Africa is simply tired of being in the dark. It is time to take decisive action to turn around this narrative: to light up and power Africa – and accelerate the pace of economic transformation, unlock the potential of businesses, and drive much needed industrialization to create jobs.

Akinwumi Adesina, President of the African Development Bank

In our last blog post, we mentioned that the twin challenges of power supply and internet access are crippling digital solutions in Africa. This post takes the baton by discussing power supply in Africa – the status quo, challenges and possible solutions. 

Access to electricity 

The electricity access rate in Africa is just over 40 percent, the lowest in the world. About 640 million Africans have no access to energy. According to the African Development Bank (AfDB), per capita consumption of energy in sub-Saharan Africa is 180 kWh, compared to 13,000 kWh per capita in the United States and 6,500 kWh in Europe.

Digitization is not the only aspect of the economy impeded by epileptic power supply. Health and education too. Lack of electricity handicaps the operations of hospitals and compromises the standard of education. The cost of doing business is more without access to electricity. Furthermore, the cost of doing business has a direct relationship with investor interest and job availability. 

Therefore, an important task for African policy makers is to address the persistent lack of access to electricity and the unreliability of electricity supply which are ruining the continent’s development. Countries like Kenya, Ethiopia, Ghana, Senegal and Rwanda are recording progress. However, efforts to provide access to modern energy are still behind population growth. Reports indicate that by 2030, 530 million people would still lack access to electricity and 90% of them will be in Africa. 


Nigeria is the largest economy in Africa and is endowed with large oil, gas, hydro and solar resources. Yet, limitations in the power sector constrain growth. Nigeria already has the potential to generate 12,522 megawatts (MW) of electric power from existing plants, but most days is only able to generate around 4,000 MW, which is insufficient. The current access rate is 45%. There are 20 million households without supply. Challenges include macroeconomic forces, lack of creditworthy utilities and lack of a strong, transparent regulator. 

Nigeria has privatized its distribution companies, so there is a wide range of tariffs. Recently, the government approved an increase in electricity tariffs recommended by the Nigerian Electricity Commission (NERC). The increase is a consequence of its decision to operate a cost-reflective tariff regime. 

South Africa 

South Africa, through Eskom Holdings, remains the biggest power supplier to a number of countries in the Southern Africa Development Community (SADC) region. However, Eskom Holdings has lately fallen into dire operational and financial challenges resulting in load shedding within South Africa itself. Much like other utilities across the region, an aging fleet of power plants has led to this energy deficit.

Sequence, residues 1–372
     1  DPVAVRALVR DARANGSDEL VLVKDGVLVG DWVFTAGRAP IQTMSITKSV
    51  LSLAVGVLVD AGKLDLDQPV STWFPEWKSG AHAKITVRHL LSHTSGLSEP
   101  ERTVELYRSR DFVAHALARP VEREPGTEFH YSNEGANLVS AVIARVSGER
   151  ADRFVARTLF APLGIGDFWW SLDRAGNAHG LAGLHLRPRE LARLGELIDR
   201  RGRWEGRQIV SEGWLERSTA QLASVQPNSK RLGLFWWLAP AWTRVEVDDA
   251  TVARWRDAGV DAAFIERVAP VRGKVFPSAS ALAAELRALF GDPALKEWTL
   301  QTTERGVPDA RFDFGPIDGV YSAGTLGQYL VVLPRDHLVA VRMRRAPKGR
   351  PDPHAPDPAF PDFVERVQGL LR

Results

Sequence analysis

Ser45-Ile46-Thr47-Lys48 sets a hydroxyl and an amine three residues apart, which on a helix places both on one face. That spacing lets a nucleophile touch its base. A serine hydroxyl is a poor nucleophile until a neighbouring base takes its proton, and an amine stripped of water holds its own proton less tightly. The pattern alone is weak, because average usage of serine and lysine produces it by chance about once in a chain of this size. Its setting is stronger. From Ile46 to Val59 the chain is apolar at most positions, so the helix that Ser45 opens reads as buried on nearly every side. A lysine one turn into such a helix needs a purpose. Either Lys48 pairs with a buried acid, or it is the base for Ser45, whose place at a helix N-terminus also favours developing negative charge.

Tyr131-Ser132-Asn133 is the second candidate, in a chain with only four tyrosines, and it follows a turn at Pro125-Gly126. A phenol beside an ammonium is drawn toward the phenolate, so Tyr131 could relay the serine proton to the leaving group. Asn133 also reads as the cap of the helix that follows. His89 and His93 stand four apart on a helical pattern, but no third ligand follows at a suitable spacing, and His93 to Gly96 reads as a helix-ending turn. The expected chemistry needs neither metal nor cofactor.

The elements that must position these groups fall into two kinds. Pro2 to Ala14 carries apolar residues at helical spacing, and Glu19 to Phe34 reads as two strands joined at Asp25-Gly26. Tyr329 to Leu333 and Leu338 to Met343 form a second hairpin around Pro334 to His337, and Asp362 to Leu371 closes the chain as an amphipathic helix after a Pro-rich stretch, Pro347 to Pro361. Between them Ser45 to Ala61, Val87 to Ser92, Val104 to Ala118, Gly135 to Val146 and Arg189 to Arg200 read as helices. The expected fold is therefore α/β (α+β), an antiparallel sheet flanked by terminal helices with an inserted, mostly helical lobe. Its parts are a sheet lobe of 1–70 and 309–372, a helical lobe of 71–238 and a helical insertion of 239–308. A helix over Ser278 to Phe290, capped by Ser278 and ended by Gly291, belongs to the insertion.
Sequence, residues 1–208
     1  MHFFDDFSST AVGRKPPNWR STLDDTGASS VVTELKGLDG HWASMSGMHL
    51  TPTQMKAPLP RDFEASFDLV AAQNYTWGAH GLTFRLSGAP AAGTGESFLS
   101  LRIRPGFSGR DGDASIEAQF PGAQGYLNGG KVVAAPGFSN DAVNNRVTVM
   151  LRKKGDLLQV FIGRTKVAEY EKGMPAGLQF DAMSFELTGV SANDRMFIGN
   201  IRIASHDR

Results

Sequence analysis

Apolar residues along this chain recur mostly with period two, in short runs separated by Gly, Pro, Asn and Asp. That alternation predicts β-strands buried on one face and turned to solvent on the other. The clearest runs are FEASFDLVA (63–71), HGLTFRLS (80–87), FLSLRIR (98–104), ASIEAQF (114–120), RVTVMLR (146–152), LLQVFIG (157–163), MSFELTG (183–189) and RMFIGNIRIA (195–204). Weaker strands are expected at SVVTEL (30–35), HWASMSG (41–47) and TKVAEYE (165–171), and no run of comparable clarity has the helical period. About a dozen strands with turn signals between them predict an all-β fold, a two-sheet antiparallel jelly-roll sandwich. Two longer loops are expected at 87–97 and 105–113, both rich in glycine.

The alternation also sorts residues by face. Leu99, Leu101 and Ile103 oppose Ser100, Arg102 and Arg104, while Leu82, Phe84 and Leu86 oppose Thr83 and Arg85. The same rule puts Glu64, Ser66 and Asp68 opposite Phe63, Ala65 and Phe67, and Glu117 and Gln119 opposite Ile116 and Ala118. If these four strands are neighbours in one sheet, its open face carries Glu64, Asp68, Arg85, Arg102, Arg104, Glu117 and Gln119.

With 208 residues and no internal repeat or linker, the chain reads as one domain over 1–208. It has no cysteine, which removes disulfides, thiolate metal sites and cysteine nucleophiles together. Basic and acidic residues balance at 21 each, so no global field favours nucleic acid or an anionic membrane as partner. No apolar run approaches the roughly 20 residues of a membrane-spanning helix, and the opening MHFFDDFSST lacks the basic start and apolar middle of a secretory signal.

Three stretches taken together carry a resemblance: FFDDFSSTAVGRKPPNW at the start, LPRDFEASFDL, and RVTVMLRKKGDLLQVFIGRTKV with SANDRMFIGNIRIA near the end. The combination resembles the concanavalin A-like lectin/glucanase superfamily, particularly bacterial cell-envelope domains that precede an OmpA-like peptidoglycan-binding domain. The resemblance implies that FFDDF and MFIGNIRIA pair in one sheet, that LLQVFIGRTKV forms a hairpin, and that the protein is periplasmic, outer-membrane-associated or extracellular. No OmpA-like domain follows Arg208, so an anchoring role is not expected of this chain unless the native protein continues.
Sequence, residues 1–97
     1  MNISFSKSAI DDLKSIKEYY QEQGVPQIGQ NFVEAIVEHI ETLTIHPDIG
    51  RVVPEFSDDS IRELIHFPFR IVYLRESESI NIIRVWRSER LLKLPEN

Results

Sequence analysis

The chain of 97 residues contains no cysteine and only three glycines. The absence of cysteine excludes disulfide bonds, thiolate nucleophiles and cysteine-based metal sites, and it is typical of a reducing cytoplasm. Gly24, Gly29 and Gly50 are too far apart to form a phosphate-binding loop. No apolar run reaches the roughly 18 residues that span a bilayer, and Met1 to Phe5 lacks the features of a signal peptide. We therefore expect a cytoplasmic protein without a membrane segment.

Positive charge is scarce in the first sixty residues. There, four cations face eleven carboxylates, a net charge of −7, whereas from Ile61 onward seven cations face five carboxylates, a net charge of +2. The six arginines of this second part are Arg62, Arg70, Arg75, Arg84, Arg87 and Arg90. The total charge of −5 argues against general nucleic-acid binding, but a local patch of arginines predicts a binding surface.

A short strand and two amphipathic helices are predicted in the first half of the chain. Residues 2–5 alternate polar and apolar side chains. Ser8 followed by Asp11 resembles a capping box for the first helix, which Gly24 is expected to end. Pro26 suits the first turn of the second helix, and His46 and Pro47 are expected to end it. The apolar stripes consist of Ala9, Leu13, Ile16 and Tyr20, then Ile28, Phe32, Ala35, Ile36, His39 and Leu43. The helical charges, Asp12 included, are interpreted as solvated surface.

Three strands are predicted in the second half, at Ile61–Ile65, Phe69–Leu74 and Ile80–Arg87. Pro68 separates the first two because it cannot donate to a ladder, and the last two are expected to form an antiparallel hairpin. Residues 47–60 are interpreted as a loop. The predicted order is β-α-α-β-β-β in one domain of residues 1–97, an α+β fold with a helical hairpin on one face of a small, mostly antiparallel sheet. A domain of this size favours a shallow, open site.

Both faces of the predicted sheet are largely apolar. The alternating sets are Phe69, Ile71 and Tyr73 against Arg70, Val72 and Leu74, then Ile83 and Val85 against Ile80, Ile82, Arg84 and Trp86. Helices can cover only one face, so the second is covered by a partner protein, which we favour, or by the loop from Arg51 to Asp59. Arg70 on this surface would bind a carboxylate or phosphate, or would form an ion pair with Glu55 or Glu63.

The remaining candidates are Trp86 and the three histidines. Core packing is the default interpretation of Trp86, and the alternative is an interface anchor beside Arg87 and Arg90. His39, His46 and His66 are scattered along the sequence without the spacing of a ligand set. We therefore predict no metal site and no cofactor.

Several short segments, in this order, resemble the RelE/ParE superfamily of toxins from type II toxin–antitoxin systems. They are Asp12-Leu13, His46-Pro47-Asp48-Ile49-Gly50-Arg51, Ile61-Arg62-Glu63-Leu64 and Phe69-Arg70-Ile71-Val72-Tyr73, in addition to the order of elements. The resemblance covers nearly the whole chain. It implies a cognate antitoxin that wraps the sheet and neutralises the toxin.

However, the private sector is increasingly taking the lead in advancing renewable energy projects. FirstRand Bank recently secured a USD 225 million loan from the International Finance Corporation. The loan aims to enable financing and technical support for nascent and established energy efficient projects.


The AfDB also found that Africa’s energy potential is enormous and underutilised. Especially renewable energy. Hydropower provides around a fifth of current capacity but not even a tenth of its total potential is being utilized. Similarly, the technical potential of solar, biomass, wind and geothermal energy is significant. 

The advent of renewable energy is a promising alternative and environmentally sustainable energy source. The buck lies squarely with African governments to provide impetus for swift renewable energy rollout, through practical policy interventions and the creation of enabling investment climates.


Africa’s population and economy are growing, especially in the urban cities. These will have implications for the energy sector. African policy makers and business communities must now be dynamic. They can exploit the falling costs of renewable technologies for innovation and growth. The ultimate goal is providing universal access to reliable, modern, affordable and sustainable energy.

According to the World Bank, for Africa’s power sector to work for utilities, steps have to be taken to minimize losses related to transmission and distribution of electricity, ensure customers pay their electricity bills, and raise tariffs appropriately.